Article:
With that said, there is a lot to like about the film. The cast is uniformly great. Moore, and especially Vikander, fully morph into Steinem. They have her voice, diction, and appearance down completely, watching them is stunning. Bette Midler is on fire in her few scenes as Bella Abzug and Janelle Monae does a serviceable Dorothy Pitman Hughes, a fellow sister in the women’s rights movement.
As added support, Lorraine Toussaint is fierce excellence as Flo Kennedy and Kimberly Guerrero is soulful as Wilma Mankiller, the first woman chief of the Cherokee Nation.
Elliot Goldenthal’s score matches the voices for women’s equality cheer by cheer. His use of an orchestrated score infused by deep guitar riffs and a charge-leading brass section is itself a call to arms.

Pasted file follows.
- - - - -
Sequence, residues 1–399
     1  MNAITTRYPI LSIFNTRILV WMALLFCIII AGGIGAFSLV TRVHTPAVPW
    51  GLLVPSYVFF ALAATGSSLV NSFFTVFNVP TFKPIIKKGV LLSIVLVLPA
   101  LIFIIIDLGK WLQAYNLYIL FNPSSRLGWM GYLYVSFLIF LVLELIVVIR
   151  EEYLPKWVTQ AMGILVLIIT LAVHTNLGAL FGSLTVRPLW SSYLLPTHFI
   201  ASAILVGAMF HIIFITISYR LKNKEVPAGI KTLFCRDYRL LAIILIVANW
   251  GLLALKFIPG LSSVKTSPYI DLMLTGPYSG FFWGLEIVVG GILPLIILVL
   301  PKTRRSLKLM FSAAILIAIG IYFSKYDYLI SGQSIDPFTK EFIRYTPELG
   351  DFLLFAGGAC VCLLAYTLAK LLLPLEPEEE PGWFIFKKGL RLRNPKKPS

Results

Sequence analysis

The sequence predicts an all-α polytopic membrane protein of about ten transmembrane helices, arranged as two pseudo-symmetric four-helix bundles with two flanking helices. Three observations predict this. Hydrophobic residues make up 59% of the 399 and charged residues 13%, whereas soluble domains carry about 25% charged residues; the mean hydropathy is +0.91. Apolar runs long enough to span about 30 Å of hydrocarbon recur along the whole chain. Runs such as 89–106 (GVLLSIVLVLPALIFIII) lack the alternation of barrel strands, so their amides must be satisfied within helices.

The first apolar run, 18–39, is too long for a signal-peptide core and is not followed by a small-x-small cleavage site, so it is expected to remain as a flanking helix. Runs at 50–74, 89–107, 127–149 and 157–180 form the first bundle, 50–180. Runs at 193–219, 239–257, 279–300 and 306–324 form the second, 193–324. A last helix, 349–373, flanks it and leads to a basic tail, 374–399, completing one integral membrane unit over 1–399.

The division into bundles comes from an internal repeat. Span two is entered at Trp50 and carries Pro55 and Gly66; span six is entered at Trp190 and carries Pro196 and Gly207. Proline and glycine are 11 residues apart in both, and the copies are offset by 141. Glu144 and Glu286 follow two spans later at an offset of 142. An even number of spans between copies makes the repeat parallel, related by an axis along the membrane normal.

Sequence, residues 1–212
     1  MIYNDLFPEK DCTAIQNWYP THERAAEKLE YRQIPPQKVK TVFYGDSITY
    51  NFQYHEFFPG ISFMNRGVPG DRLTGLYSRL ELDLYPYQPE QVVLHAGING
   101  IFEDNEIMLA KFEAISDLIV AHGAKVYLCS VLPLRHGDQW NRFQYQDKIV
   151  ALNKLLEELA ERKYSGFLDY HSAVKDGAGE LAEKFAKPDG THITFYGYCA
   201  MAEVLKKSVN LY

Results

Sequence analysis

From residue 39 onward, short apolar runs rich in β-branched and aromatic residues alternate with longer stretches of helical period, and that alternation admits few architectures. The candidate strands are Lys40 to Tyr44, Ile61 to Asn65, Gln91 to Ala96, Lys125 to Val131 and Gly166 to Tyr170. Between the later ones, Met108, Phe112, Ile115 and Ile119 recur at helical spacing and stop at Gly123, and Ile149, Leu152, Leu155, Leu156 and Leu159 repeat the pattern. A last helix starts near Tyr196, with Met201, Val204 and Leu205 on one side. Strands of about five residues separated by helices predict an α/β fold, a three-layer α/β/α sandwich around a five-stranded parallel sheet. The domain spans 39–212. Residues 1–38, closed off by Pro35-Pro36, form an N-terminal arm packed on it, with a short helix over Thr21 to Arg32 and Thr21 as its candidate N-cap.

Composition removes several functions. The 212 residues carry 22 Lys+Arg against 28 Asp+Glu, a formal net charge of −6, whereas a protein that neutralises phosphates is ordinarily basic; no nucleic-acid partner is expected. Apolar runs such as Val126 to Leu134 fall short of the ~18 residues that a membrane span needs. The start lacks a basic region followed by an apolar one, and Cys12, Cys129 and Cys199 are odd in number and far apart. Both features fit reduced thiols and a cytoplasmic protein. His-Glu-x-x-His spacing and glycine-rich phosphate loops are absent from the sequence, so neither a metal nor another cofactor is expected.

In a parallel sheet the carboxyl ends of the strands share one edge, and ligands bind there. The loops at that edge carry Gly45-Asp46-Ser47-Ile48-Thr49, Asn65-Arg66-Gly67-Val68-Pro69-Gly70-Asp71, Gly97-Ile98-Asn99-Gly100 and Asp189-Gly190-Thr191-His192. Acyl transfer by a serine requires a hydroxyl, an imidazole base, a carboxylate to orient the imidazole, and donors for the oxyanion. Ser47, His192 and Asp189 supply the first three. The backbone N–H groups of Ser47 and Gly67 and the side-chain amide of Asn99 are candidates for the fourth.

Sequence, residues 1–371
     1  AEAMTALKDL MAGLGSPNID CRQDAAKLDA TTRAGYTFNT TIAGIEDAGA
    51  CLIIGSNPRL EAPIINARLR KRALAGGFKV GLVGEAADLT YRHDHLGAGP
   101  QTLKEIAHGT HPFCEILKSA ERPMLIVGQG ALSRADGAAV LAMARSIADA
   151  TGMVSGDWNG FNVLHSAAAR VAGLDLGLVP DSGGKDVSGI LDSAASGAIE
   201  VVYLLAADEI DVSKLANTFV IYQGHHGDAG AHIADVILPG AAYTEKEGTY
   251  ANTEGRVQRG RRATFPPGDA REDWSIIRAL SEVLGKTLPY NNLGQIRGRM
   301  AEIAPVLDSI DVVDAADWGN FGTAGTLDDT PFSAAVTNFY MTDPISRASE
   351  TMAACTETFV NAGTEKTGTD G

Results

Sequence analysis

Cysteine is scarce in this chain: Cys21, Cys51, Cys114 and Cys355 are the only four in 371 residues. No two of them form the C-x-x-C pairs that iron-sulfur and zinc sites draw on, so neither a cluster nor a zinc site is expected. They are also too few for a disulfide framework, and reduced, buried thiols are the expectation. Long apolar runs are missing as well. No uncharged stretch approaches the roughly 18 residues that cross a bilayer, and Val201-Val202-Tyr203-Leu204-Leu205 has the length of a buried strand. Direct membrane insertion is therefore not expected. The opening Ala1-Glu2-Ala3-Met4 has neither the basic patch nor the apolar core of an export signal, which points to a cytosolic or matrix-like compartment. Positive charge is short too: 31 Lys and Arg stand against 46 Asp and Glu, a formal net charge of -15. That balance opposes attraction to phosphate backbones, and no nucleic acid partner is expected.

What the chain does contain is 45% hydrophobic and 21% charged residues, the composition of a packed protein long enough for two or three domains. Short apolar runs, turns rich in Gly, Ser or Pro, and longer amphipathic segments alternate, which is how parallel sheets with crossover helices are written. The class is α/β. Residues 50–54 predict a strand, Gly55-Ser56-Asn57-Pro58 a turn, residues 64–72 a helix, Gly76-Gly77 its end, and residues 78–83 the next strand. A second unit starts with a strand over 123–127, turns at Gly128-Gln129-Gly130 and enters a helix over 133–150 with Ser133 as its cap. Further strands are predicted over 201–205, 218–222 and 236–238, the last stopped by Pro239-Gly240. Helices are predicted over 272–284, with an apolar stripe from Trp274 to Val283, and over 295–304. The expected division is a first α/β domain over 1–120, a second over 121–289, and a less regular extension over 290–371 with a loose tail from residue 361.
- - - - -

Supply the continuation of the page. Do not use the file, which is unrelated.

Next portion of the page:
Julie Taymor’s mother, to whom the film is dedicated, was an activist and writer. The filmmaker has spoken about her mother’s influence on her as a director but mostly as a woman. Her mother fought for women’s rights and that urgency is felt throughout most of the film.
While many scenes are rushed, the final half of the film settles in for some striking emotional moments as we see the movement growing into an unstoppable force on the side of right. The sight of women of all backgrounds banding together, united against their oppression is quite uplifting and gets to one’s soul.
By the time we see the footage of the real Steinem giving her speech at the 2017 Women’s March in D.C., we forget about the hurried style of the film’s first half. Steinem’s powerful words remind us of her achievements and her unyielding spirit. This is the time for all of us to remember and inhabit the feminist icon’s passion.
“The Glorias” is a flawed film that ultimately succeeds by showing the scope and power of Steinem’s movement.
As we look out at the millions of women marching in unison at the Women’s March, we realize Gloria Steinem’s impact on women all over this country. Today they are all The Glorias. Every single one. Their time is now.